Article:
Solving Israel's Settlement Problem

Israel has a settlement problem. Her settlement policy is under attack from every direction.  My guess, based on recent leaks from his office, is that the Prime Minister is fully aware of this.  The settlement movement, of course, denies that a problem exists.
American Jewish leaders in most cases know the truth but simply avert their eyes, endlessly repeating the mantra that “settlement is not the problem.”  And they are right that it is not THE problem, but it certainly is A problem, and a serious one at that. 
The issue is not the hostility of Israel’s enemies but the distress of her friends. With the Middle East in upheaval and Israel more dependent than ever on the support of friendly states, she cannot afford a disastrous settlement policy that alienates her allies and endangers her future.
Why is Israel’s settlement policy disastrous? Because as long as she has not defined her borders, any building beyond the 1967 borders is seen as a settlement. Without a declaration from Israel of what she sees her borders to be, the general assumption is that her real intention is retain the territories indefinitely. The result is that even construction in a major settlement block – in a place that everyone knows would remain part of Israel in a negotiated settlement – meets resistance from all quarters. On the other hand, if Israel were to say where she would like her borders to be, and if she would coordinate her position with the United States, building to the west of those borders could be accepted by the Americans and potentially by others.
Declaring borders does not have to mean declaring final borders. Borders should become final only in a negotiated settlement with the Palestinians; adjustments could be made when such an agreement is signed. Until then, Israel would be committing herself to transitional arrangements only. The advantages of such arrangements are many. They demonstrate that Israeli proclamations about a two-state solution are real and not rhetorical; they clarify the status of settlers on both sides of the temporary borders; they combat the growing feeling that Israel is incapable of putting a serious peace plan on the table; and, as noted, they make it possible for Israel to continue building in some parts of Eretz Yisrael, but not all.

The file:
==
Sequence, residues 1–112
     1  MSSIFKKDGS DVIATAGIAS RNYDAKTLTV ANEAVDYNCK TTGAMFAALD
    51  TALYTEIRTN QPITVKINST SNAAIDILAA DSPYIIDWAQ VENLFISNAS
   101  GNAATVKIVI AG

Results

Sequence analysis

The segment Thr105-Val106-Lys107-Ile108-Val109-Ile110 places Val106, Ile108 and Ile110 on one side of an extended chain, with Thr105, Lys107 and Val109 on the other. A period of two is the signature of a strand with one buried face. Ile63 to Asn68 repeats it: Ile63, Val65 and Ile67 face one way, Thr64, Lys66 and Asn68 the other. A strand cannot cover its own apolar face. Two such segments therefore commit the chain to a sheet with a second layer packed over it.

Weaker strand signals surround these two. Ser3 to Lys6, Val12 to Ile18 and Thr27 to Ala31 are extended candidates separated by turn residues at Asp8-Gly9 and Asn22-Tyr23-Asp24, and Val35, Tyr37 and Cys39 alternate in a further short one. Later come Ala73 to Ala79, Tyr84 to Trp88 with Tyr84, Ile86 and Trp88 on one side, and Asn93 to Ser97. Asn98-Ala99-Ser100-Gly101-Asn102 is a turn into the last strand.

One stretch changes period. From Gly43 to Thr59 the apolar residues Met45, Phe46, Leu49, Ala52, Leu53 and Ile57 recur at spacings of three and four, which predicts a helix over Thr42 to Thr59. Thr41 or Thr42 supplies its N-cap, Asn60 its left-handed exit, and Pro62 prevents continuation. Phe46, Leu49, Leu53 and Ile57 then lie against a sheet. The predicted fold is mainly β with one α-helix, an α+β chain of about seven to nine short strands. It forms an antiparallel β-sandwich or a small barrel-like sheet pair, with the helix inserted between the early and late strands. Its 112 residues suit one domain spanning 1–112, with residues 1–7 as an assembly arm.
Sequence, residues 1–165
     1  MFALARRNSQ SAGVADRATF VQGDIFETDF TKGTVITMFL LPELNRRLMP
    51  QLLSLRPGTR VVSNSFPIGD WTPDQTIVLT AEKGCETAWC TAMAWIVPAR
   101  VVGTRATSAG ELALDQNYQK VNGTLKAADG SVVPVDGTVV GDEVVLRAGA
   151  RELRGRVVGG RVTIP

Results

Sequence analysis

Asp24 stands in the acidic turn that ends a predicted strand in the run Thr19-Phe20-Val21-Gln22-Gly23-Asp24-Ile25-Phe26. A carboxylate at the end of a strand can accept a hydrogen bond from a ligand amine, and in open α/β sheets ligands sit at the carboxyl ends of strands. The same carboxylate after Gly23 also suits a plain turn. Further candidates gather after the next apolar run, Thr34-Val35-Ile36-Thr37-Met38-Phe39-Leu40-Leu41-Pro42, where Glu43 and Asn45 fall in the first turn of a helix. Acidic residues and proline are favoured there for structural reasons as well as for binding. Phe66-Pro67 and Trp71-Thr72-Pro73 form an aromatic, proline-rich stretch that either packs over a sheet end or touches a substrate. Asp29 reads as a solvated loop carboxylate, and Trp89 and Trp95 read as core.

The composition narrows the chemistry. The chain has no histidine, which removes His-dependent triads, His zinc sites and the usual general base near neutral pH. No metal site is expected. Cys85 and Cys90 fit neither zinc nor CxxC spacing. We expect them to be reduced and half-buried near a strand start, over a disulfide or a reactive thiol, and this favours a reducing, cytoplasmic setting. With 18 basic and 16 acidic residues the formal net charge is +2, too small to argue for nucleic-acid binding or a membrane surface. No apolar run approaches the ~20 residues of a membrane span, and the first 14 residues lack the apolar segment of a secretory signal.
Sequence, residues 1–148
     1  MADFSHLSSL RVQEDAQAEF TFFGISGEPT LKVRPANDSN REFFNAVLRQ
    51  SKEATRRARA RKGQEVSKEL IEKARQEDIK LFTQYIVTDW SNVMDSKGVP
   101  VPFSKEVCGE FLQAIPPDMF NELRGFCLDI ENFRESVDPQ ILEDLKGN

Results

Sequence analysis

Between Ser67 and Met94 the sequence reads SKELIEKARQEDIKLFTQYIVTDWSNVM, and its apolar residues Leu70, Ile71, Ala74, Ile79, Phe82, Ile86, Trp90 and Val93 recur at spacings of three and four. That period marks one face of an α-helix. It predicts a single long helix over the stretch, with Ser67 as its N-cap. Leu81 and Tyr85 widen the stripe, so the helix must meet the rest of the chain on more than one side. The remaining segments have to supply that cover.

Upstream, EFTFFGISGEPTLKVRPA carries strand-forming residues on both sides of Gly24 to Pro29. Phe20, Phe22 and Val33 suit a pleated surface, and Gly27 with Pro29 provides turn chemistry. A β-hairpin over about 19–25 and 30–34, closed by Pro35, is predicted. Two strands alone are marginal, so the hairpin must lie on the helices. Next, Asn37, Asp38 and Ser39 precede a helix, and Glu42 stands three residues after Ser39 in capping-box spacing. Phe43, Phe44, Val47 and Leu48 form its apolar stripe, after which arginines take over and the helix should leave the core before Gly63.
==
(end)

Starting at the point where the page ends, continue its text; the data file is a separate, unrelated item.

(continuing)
Settlers will oppose such a plan on many grounds, including the claim that there is a religious obligation to retain the territories in the biblically-defined Land of Israel. This is mostly a smoke screen for maintaining the status quo. In any case, the borders of the Land of Israel are not defined with any precision in the Torah; there are passages that suggest that such borders take in virtually the entire Middle East, and there are passages that suggest Israel should be a tiny country not much bigger than Rhode Island. Basing Israel’s settlement policy on “Biblical borders” is an absurdity. 
I am not suggesting that Israel should withdraw unilaterally from settlements on the other side of her declared borders. Only when the Palestinians demonstrate that they are ready for peace should such concessions be considered. But it obviously makes no sense to do additional building in areas that you will eventually evacuate. And stating where you want your borders to be is not a unilateral concession; indeed, it is not a concession at all. It is an act of commonsense that will win Israel support at a time when she desperately needs it, will reverse the tide of growing anti-Israel feeling on the campuses and elsewhere, and will put the ball in the Palestinians’ court—challenging them to return to the negotiating table and to get serious about peace.